For those reasons alone (though there are many more), I continue to mourn the loss of the great wildlife warrior named Steve Irwin.

I’ll never forget the year LD turned two and on Christmas morning he went crazy when he saw one of his presents was a three or four foot plastic crocodile. He immediately jumped it, covered its eyes, called for Terri (his sister given a co-starring role in his funny little world of Croc Hunterdom) to get his shirt off and wrap it around the croc’s head. Yes, LD was two and had absorbed enough Irwinisms to run his own fake rescue and relocation in our living room.

Dressed in his regular uniform of khakis (the boy wanted what he wanted), we headed over to my sister’s house for more Christmas activities. The croc came along. Anyone speaking to LD that day had to address him as Steve. To this day, there are probably a few people who were dating relatives or friends of my sister and brother-in-law who really believe this is my son’s name. We probably should have considered it, but for the simple fact that the ex’s brother carries the same name and they weren’t on speaking terms at that point. Still, my little 2 year old had made his stand about the name and his goals for the day: he would be Steve and he would be on croc patrol. No cats, people, or food would go missing if he could help it! (Okay, maybe a little food, but that was only if it was near enough to a chair he could climb up to get at it.)

And he did it all with an Australian accent. My American born baby boy sported a fair dinkum Aussie accent. Because that’s how his hero spoke.

This was how it went for two and half years, give or take. Halloween costumes were, naturally, khaki and sported fabric paint representations of Australia Zoo’s logo, with the name Steve below that. We’d attached frogs, lizards, and snakes to his shirt (all plastic, of course…our collection was immense…still is) and his shorts or pants, and his hat, although the hat was from the Norwich Gators (close as we could get at the time). Our pumpkins were carved with crocs and “Steve” and occasionally a panda or regular jack o’lantern pattern. But they still represented The Man.

When the news broke during the early hours on Sept. 4, 2006, I was awake and editing for Blogcritics.org at the time. I heard it. And everything stopped. Then I started flipping channels and it was everywhere. It didn’t seem real. Finally, I emailed my friend Pat who lived at the zoo and received the sad confirmation that it was, indeed, tragically true — Steve Irwin was gone.

What unfolded after that was beyond anything most anyone anywhere would have ever expected. Despite the popularity of the Crocodile Hunter series and other spin off shows, no one could have predicted just how widespread this man’s infectious enthusiasm reached. Straight out admiration, parodies, and even a handful of naysayers…the man, his mission, had stretched around the globe and back a million times. He made the scariest animals important, even lovable (except leeches and I’m afraid I’ll never laugh as he did about them), he made us care about the animals he encountered, taught us why they were special, why we should want them around. His plans were grand and he was making great strides in realizing many of his dreams, which ruffled a few feathers and caused some backlash, but Steve did it all for one reason: to protect the land and the animals, and give our children more than just picture books filled with photos and drawings of animals and trees we once encountered on land. Careful management could and can preserve habitats and healthy populations of animals if we can find a way to work together — from land management, husbandry, careful community planning, caring individuals, and sensible care plans from government agencies to help keep nature a viable and valuable part of our heritage.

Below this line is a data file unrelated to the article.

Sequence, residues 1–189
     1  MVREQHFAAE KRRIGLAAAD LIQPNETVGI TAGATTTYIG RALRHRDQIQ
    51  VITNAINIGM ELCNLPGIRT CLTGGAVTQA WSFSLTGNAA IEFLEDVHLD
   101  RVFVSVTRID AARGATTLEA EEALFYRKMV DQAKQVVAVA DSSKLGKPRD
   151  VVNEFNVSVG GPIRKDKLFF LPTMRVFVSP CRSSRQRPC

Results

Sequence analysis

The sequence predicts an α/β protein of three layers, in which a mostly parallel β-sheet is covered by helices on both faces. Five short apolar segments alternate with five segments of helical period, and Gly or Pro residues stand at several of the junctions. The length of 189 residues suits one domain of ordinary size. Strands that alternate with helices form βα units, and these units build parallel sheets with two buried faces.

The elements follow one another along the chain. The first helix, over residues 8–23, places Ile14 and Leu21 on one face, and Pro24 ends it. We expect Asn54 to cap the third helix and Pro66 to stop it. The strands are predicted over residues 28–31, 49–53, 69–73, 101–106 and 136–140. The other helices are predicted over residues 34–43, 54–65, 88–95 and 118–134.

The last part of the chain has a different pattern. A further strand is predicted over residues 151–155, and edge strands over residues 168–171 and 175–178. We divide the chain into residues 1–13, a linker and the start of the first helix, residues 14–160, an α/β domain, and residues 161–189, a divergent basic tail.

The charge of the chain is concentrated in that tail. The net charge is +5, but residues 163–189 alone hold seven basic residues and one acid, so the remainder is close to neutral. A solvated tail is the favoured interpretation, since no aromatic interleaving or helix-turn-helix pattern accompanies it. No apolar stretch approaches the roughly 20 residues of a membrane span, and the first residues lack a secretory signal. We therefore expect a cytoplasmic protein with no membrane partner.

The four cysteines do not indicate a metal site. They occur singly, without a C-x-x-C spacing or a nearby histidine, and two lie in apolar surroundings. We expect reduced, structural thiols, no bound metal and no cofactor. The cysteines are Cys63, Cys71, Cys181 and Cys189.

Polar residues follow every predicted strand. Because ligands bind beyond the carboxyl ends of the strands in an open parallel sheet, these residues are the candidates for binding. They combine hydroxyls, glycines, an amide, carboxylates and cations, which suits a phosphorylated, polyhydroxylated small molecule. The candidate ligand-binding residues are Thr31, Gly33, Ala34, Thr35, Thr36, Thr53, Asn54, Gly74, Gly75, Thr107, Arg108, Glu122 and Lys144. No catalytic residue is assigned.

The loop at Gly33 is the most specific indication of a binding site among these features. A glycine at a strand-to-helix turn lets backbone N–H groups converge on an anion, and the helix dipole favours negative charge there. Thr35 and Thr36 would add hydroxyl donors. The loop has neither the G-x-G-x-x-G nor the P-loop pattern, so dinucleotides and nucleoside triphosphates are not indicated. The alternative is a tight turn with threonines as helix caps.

It’s a message I was taught by Marlin Perkins, local Native Americans, and even by my parents (except snakes, but that’s a cause I took up on my own). To me, what was the point of keeping the forest if there were no animals? What was the point of loving the animals if they had no home? I learned it early and have always carried this with me. My conservationist roots run deep and likely always will. I guess my kids came by it honestly.

And then one day, Steve and Terri Irwin showed up and echoed what I’d grown up hearing. They even went far beyond what I’d learned and gave me new ideas, a new means of understanding, new hope! It spread quickly. I wasn’t the only one looking for a way to learn. It became part of our watercooler conversations.

Then we got that punch in the ol’ solar plexus we never wanted to hear. Yes, Steve Irwin was a celebrity and we often roll our eyes when a celebrity dies. But this seemed to run a bit deeper. Here was a young man actively, passionately chasing the dream of educating the world about our natural resources. He wasn’t famous for kicking a soccer ball or wearing the latest styles or releasing a record of music he had little to do with. He was out getting dirty and conducting research that continues to this day to enlighten us on the habits and lives of creatures we previously understood little about. He gave us tools to learn and set us upon a course of caring.